Remember the series on Sunday where Carson Wentz had DeSean Jackson open in the end zone but didn’t see him? It was after the first interception, and the Birds were moving down the field, but the Eagles quarterback seemed really hesitant to get rid of the ball, like an overcorrection to the point where he was at the far opposite end of the decision making spectrum.
That series seems like a good example of Wentz’s scattered thinking, which has haunted him all season long. You ‘press’ and try too hard in the first game, shoving balls into windows that aren’t there. Then you get conservative in the third game and use your feet instead because guys aren’t getting open and you don’t trust your arm. You start to overthink it and then you wake up on Monday morning with a 0-2-1 record.
Doug Pederson summed it up pretty well when he talked about the need to “unclutter” his quarterback’s mind at his recent press conference:
Q. Not to belabor this, but your quarterback Carson Wentz, we’ve been talking about this for three weeks now. You say you don’t want him to take too much on his shoulders and feel like he has to win the game himself. But what’s going on? He’s still at the bottom. Every week is a 60-something passer rating. You’re seeing picks that he’s never thrown before. How do you fix this? (Les Bowen/Inquirer)
Pederson: There are a couple of things. I think one of the ways that we do that, and then really to kind of maybe unclutter his mind some is to play fast, play up-tempo, where players don’t have to think. They just react. And that has been a recipe for us over the years, and it’s something that we may have to lean on a little bit more. We’ll take a look at the game plans and make sure there’s not a lot of maybe moving parts or things that from a quarterback’s perspective that he has to get us in and out of. Just do more of the run it play variety where you don’t have to think about a lot of things and just somehow help him to free up his mind and let him play and make the plays that we know he’s capable of making and keep coaching him and keep coaching all the guys and put together a game plan this week to go play San Francisco.
It’s a good answer, but what does that involve?
They could try to do some of the Nick Foles RPO and shotgun play action looks they had success with in 2017 and 2018. Try to read the linebacker and then throw those slants or sideline routes, like this beauty from back in the day:
Doug also called a simple zone read on Sunday, no passing option, just Carson reading the defender, pulling the ball, and running. The thought of using zone read seemed totally taboo in 2018 and 2019, considering Carson’s injury history, but it might have to be used again in 2020 to get him going.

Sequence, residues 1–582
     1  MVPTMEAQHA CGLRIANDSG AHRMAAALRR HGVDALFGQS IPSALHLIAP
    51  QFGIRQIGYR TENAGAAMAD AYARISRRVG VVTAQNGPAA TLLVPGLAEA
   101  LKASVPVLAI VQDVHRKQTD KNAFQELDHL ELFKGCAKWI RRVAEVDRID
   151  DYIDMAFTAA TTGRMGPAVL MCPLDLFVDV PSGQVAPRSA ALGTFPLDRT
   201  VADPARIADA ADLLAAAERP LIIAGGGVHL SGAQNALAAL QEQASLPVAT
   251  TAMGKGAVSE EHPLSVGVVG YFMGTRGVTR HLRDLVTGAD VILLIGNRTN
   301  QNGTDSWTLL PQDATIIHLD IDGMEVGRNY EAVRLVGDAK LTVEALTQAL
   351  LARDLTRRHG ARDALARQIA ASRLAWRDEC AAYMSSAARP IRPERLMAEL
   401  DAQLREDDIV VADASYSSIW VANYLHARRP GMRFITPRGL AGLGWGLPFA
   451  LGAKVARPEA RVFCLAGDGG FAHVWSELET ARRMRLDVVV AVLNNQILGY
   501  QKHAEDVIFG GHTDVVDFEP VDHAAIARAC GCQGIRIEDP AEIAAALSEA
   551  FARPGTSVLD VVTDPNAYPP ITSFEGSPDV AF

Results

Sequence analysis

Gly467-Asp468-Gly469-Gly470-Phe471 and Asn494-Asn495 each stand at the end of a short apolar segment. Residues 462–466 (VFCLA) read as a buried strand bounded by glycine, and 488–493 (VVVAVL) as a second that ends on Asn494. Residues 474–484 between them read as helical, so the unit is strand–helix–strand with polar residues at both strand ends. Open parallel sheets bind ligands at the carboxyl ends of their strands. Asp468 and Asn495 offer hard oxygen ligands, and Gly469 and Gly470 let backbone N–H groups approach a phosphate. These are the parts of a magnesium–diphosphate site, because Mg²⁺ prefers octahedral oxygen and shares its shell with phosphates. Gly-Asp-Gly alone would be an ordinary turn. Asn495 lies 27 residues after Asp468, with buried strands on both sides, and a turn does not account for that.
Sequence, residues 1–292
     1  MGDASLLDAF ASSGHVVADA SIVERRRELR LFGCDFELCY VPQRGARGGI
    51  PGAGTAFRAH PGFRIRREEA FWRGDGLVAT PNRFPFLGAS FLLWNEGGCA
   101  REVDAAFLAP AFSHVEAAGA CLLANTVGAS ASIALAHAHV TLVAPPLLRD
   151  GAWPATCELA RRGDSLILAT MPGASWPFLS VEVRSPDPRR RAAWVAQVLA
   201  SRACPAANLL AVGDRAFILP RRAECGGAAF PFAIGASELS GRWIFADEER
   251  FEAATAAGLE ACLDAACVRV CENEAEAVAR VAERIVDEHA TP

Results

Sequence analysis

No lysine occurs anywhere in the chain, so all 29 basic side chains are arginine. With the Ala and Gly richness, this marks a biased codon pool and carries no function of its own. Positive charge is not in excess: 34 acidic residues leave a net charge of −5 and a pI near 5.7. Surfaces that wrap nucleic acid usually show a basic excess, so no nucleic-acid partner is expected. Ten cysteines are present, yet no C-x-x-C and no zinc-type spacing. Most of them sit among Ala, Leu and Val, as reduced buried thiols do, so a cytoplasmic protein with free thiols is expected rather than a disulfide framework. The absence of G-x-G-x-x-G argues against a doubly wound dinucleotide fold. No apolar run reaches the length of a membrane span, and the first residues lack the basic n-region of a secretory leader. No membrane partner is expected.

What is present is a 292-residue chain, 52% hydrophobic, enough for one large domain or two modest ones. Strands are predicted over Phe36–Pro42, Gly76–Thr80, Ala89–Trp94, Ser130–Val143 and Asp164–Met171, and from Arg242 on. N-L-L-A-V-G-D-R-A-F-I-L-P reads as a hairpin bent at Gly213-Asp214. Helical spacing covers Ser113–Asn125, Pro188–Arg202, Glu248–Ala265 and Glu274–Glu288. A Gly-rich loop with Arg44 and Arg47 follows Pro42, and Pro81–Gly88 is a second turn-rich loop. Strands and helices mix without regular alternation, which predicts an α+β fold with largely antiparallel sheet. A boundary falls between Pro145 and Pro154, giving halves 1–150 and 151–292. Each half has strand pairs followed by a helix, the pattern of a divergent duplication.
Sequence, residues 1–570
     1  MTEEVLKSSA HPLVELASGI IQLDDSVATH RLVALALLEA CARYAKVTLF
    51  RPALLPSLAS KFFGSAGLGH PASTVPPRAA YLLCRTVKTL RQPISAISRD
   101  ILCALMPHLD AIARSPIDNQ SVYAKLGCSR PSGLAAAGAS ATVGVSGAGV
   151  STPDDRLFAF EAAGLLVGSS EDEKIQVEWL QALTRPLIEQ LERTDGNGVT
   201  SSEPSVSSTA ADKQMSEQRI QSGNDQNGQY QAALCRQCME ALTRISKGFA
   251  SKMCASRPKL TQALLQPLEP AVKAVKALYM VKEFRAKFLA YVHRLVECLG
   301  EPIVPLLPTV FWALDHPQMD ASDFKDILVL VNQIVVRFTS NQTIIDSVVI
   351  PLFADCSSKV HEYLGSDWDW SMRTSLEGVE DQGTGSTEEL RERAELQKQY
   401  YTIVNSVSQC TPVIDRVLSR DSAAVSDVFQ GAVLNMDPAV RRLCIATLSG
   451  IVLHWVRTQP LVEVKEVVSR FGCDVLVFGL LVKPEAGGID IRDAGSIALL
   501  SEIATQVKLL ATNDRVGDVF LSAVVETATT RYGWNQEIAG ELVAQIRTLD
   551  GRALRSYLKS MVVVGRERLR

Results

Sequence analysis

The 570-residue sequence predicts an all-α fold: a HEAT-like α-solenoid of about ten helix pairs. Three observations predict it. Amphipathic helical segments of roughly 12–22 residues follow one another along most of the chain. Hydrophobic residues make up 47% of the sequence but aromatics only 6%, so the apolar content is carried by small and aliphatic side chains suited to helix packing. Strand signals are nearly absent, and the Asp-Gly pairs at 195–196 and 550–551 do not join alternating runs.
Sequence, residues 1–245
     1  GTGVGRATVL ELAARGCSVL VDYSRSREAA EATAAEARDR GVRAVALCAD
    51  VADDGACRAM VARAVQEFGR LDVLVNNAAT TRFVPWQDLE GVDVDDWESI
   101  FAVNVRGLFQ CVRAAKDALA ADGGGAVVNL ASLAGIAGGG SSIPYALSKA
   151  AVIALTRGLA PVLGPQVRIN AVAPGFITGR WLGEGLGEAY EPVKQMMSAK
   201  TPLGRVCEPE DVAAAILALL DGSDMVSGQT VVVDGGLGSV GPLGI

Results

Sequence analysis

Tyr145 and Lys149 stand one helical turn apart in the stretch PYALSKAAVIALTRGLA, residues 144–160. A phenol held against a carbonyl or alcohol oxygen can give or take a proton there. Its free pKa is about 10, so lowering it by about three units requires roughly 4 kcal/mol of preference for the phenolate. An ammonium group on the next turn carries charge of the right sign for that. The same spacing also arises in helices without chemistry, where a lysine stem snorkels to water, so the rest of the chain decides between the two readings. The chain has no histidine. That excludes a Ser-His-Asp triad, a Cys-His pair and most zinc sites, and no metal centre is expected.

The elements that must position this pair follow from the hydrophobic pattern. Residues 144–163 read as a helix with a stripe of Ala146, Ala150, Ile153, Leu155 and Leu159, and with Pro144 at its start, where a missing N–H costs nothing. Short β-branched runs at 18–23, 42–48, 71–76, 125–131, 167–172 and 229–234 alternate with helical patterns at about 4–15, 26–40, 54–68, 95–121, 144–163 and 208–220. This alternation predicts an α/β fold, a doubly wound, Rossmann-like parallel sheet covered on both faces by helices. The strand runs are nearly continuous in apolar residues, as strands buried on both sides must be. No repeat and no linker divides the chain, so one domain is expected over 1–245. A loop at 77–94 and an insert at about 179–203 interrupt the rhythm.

The screen game is struggling mightily, for whatever reason, so maybe they rethink those lateral quick hits and short flares and try to do some of what Andy Reid did last night, attacking the middle of the field. I watched him pull off another masterclass with a shovel pass, some between-the-hashmark tight end/RB screens, and a draw or two. Andy used the same creativity and flair Doug showed in 2017 and 2018.
What happened to creative Pederson play calling like this? –
I don’t think the Eagles have run anything out of the pistol ever since that play, which took place three years ago. And they’re short on talent right now, but Greg Ward, Zach Ertz, and Miles Sanders gives you enough to be competitive in the interim.
For what it’s worth, Pederson was asked Monday if he’d ever consider giving up play calling, to which he said no. He was also asked about running the ball more:
“It just so happened that in Miles’ case, you go back the week before, and not to make excuses or whatever, but there was a little fatigue that set in. Miles alluded to that. He was battling through some things (Sunday) during the game, and we had to be cautious late in the game. And there’s times where you make the decision to maybe shift gears and go a little different direction, and that’s what we did yesterday. But Miles, moving forward Miles is obviously a big part of what we do, and I actually thought he not only ran the ball, but blocked well in pass protection as well.”
It was fatigue and not injury, Pederson confirmed. Sanders finished with 18 carries for 95 yards and averaged 5.8 per, so he’s very obviously been their most steady skill position contributor in the two weeks he’s been on the field. If Wentz had “uncluttered” his mind and connected with Sanders down the sidelines, he’d be looking at 125+ scrimmage yards and a touchdown, which is elite contribution on any team.